The FOMC's Deep Dive into QE Tapering

The FOMC’s Deep Dive into QE Tapering – What You Need to Know

Fed Chair Powell quipped that this was the FOMC’s “first deep dive” into QE tapering discussions. The outcome didn’t make any new waves and in fact, the results of this meeting calmed the seas of the markets’ tapering angst. There was nothing really new in the statement or in Powell’s press conference. Indeed it was what was left out that was the most crucial development.

The FOMC didn’t make any policy adjustments and didn’t indicate any imminent shifts toward trimming accommodation. Today’s press conference and the statement clearly take the August Jackson Hole meeting off the table in terms of a timing announcement. November might be the earliest that the Fed would give notice of a shift.

The policy statement released 30 minutes before Chair Powell’s press conference was initially read more hawkishly by the markets than it was. The Chair’s easy tone in his presser further underscored that position. Newswires headlined one cherry-picked phrase from the statement that the Fed “has made progress toward” its goals. Treasury rates twitched higher and equities dipped fractionally, though the crucial adjective “substantial” was missing. The FOMC sees “substantial further progress” as the necessary condition for the start of a shift away from the accommodation.

The FOMC's Deep Dive into QE Tapering
The FOMC’s Deep Dive into QE Tapering

Additionally, the Fed’s statement also came with the caveat that “risks to the outlook remain.” Furthermore, Powell stressed several times that while progress has been made toward the employment and price goals, tapering is still “a ways off.” These QE discussions will continue at coming “meetings,” which was plural. That would mean November would be the earliest that the Fed gives notice of a shift. Meanwhile, he also stated that “we’re clearly a ways away from raising interest rates and that’s not something on our radar screen.”

Much of the press conference was devoted to inflation and here his lack of concern over price pressures further soothed the bond market, though worries have been ebbing for weeks. Powell was even asked about the slide in Treasury yields since June, where he said there is no clear consensus on the decline, but it could be a function of the drop in real yields amid growth worries emanating from the Delta variant, or a slip in inflation compensation, as well as technical factors. He doesn’t believe any of them are suggesting doubt over the Fed’s new framework, stressing he believes it is well understood. He added that the real test will be when the Fed starts to raise rates.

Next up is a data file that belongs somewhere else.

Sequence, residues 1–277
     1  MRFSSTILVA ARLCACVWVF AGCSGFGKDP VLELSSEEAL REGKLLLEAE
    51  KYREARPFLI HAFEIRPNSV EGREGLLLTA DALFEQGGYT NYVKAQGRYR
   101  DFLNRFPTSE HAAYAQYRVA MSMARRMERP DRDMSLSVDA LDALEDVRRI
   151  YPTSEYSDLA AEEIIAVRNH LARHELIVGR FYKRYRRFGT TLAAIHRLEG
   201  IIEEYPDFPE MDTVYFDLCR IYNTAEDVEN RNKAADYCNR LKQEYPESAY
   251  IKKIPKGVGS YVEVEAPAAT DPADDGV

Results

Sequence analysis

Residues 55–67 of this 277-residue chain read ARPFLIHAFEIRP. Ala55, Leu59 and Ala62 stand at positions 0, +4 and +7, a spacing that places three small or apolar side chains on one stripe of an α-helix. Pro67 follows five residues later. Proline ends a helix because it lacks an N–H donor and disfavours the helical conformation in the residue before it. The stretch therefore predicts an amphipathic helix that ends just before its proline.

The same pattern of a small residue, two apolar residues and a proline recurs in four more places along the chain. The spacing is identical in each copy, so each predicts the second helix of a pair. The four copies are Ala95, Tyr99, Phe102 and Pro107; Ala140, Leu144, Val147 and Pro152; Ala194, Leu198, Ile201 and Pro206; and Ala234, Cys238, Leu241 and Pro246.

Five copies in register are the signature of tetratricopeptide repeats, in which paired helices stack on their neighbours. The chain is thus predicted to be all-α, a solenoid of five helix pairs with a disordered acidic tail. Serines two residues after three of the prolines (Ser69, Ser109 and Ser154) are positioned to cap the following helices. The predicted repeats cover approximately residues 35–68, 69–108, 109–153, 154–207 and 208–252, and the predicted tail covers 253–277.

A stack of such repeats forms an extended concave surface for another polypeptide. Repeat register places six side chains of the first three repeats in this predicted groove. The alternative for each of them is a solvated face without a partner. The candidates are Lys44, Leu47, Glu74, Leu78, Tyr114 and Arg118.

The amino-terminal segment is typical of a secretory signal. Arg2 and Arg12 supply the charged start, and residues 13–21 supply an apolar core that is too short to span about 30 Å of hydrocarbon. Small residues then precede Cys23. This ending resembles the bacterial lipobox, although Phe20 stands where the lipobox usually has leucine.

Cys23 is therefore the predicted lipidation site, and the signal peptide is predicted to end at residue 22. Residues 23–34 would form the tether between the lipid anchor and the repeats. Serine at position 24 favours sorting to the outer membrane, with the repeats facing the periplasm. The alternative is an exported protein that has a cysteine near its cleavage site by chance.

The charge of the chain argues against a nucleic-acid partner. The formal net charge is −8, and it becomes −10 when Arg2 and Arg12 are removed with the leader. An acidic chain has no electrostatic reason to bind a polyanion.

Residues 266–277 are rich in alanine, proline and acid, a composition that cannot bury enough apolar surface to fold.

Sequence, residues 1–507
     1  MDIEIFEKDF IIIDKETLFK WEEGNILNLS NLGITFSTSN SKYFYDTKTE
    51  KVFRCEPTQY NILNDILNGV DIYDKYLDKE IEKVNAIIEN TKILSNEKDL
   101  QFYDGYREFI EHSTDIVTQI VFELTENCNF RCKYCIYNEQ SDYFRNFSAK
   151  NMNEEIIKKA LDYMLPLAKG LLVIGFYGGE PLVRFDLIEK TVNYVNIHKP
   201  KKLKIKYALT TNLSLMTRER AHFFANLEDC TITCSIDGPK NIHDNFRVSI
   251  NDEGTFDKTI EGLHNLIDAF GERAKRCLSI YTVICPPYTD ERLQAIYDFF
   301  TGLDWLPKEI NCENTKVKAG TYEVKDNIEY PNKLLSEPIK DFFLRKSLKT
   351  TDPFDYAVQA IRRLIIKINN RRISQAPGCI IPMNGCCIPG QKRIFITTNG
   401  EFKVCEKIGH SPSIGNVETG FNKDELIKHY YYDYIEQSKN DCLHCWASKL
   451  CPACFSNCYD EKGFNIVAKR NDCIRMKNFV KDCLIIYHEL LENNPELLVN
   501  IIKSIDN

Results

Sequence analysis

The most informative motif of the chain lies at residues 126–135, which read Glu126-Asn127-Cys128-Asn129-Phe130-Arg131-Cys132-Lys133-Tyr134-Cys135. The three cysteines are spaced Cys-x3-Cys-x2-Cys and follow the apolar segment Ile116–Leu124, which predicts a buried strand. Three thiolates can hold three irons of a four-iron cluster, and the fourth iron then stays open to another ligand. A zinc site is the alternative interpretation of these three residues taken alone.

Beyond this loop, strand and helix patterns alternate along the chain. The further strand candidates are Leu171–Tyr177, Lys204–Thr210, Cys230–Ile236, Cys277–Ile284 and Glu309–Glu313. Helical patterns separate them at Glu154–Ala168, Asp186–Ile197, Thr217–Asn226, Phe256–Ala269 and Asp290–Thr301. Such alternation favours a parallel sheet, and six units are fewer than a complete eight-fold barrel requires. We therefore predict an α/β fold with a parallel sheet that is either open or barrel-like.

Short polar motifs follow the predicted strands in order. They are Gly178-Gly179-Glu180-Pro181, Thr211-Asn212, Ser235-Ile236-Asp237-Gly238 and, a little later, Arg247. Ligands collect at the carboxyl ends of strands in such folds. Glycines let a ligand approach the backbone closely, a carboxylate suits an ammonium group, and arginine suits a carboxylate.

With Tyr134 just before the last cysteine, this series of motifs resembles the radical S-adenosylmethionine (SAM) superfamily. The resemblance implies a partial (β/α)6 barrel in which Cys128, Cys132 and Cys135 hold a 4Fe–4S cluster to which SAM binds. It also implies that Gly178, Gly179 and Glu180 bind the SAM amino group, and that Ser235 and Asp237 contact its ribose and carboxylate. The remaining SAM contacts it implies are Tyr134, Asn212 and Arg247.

The “transitory” nature of inflation was highlighted again, adding to the dovish tone of the meeting. The Chair clarified that transitory means “temporary” and is something that does not leave a “permanent mark.” However, it does not mean price increases will be taken back. Inflation is a process where prices go up year after year after year. He referenced a likely period for an outsized price increase of 12 months (he had referenced about 6-months in recent Congressional testimony).

This is in keeping with the assumption that bottlenecks and other constraints could leave prices elevated and be longer-lasting than previously thought. He noted that inflation currently is more than “moderately” above the 2% average target, but it should wane. He also doubts the current environment is boosting consumer expectations for future inflation.

Powell also downplayed a possible wage-price spiral, noting the Fed is not seeing a rise in unit labor costs that would force companies to either boost prices or accept lower margins. He assured that the Fed will remain watchful for such. Wages moving up across the economy in a way that is consistent with inflation and productivity is a good thing he added.

Clearly, the Fed is not ready to embark on a tapering path, and is not worried about inflation problems, leaving bonds modestly richer on the day with longer yields back near February lows.

The 10-year rate finished fractionally lower at 1.238%. It had popped to 1.272% on the headlines that “progress” had been made, but quickly eased back.

The 30-year bond, the most inflation-sensitive maturity, declined 1.4 basis points to 1.880%. The 2-year slipped to 0.202% as it sees little chance of a rate hike over its lifetime. Meanwhile, the NASDAQ rallied 0.70%, with some support from the decline in bond yields, while the S&P 500 was off -0.02%, with the Dow -0.36% lower. The dollar index has slumped to 92.27 versus an intra-day high of 92.75 just after the statement was released.

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